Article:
I smiled at the women as we passed, hoping to convey my mortification and let them know I wasn’t really with these guys, I was just getting a kick and a few free drinks out of them.

When we arrived at the casino, the receptionist took a long look at me. Admittedly, I wasn’t looking my best. My capri pants were dirty, my hair was a curly mess and I was wearing a grey hoodie with holes in the sleeves.

“She’s with us, it’s okay,” Jacob said with a wave of his hand.

“It’s alright then,” the receptionist said. I thanked her, wanting to wink and whisper in her ear too that I wasn’t really with these guys.

Fifteen minutes later we headed up to their suite for a few more drinks, 500 euros lighter. They had gambled away an amount that would sustain me for weeks. Even though I knew going upstairs with them probably wasn’t the best idea, I couldn’t tear myself away.

They each had their own suite: we went to Jacob’s. He rummaged through his suitcase and tossed two full packs of cigarettes at me, then offered me a fruit plate, a box of gourmet hazelnut chocolates, and a snort of the cocaine he promptly lined up on his hand. I declined the cocaine, but took the snacks.

Within a few minutes, Chris had stripped off his shirt and was bouncing around the room, talking at us and snorting cocaine off Jacob’s hairy hand. Jacob and I sat on the couch sipping vodka.

“Let’s call for some women!” Chris suggested excitedly.

He pounced onto the phone.

“Yes, I’d like you to send up two women and one man,” he said without the slightest hint of embarrassment.

It took me a few seconds to clue in.

“Are you ordering a man for me?” I whispered.

Chris nodded.

I shook my head and mouthed NO.

“You sure?” he asked, holding the phone away from his mouth. Then: “Sorry, never mind the man, we’ll just have two women. Oh, and another cheese and prosciutto tray.”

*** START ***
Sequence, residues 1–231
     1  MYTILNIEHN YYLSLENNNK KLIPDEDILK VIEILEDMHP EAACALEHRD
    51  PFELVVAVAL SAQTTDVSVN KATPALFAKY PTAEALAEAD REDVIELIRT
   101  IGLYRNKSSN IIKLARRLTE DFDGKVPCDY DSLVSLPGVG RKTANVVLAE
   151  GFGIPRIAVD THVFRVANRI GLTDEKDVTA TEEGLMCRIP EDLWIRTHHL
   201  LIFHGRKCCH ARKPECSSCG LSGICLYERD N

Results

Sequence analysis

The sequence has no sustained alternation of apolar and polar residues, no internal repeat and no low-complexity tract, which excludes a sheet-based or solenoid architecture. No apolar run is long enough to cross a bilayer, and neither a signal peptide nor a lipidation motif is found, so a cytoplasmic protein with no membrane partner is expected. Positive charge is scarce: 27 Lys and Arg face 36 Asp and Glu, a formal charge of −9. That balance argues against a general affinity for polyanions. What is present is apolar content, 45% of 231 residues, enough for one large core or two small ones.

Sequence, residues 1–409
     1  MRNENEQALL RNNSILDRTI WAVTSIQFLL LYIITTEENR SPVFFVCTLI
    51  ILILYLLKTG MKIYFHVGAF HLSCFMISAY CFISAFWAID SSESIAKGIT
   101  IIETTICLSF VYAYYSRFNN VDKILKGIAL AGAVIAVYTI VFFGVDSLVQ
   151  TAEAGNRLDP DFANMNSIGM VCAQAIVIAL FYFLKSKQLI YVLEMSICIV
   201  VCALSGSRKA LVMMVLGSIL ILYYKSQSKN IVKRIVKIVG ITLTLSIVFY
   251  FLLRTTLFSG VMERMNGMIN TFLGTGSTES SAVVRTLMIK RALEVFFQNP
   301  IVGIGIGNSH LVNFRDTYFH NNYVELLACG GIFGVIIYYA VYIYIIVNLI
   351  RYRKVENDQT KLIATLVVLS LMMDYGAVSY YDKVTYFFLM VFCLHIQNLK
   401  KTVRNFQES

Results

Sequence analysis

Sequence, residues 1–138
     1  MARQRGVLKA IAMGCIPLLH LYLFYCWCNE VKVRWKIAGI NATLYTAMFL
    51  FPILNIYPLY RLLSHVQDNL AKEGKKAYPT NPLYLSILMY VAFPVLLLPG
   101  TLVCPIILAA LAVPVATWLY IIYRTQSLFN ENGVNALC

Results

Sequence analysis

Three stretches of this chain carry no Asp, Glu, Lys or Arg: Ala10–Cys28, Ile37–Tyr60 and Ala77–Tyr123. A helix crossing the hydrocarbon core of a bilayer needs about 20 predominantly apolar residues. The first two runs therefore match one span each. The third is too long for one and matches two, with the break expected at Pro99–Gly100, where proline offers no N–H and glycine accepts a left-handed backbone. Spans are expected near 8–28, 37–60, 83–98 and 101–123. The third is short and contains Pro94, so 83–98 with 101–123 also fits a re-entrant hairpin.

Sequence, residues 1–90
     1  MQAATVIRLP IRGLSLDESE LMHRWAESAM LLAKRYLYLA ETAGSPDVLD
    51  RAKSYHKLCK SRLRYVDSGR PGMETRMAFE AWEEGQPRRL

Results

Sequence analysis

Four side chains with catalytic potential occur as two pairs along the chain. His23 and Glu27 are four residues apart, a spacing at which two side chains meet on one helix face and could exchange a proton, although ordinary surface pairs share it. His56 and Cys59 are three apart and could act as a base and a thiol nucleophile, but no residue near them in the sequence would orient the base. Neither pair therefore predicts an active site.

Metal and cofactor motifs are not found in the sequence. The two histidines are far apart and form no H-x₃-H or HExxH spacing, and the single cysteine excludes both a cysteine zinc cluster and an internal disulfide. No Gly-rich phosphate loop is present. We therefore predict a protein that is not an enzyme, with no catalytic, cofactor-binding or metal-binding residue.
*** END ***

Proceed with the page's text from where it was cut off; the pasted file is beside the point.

I couldn’t believe he’d just ordered a prostitute with a side order of ham and cheese.

“When you have money and they know it, you can do things like this,” Chris explained. “I can do anything I want.”

An hour later, a pretty blonde knocked on the door and Chris ushered her in. She sat down on the couch across from me. When she took off her shirt at Chris’s request, I couldn’t even muster a sympathetic grin. There was no point in winks or whispers; we were both in the room with these guys for their money.

I knew I had to go.

Jacob once again offered to get me my own suite, but I told him I was way out of my element with them. I couldn’t imagine making a phone call to my parents, explaining where I was and who I was with. I wanted to go back to the hostel, crawl into my bunk bed with strangers snoring on either side, and have a sausage roll from a street vendor in the morning. I was more comfortable with the simple life than with the extreme luxury they were offering, a fact I hadn’t realized until that moment.

Jacob understood. He walked me downstairs, armed with my box of chocolates, a banana for breakfast, and his business card just in case I changed my mind.

When I arrived at the hostel, I opened my purse to find the 10 euros he had given me to pay the cab. I found it, along with another 300 euros I hadn’t noticed before, which Jacob had put in there without a word at some point during the night.

Tkalciceva Ulica was empty, and I stood on the quiet street, breathing in the fresh air and the sweet scents that wafted from Dolac Market down the road. I laughed out loud.

I had escaped without compromising myself.

With more and more investors of their kind arriving in Croatia, I hoped the country would be able to do the same.

Andrea MacDonald

Andrea MacDonald is a nomad, temporarily living in her hometown of Ottawa, Canada.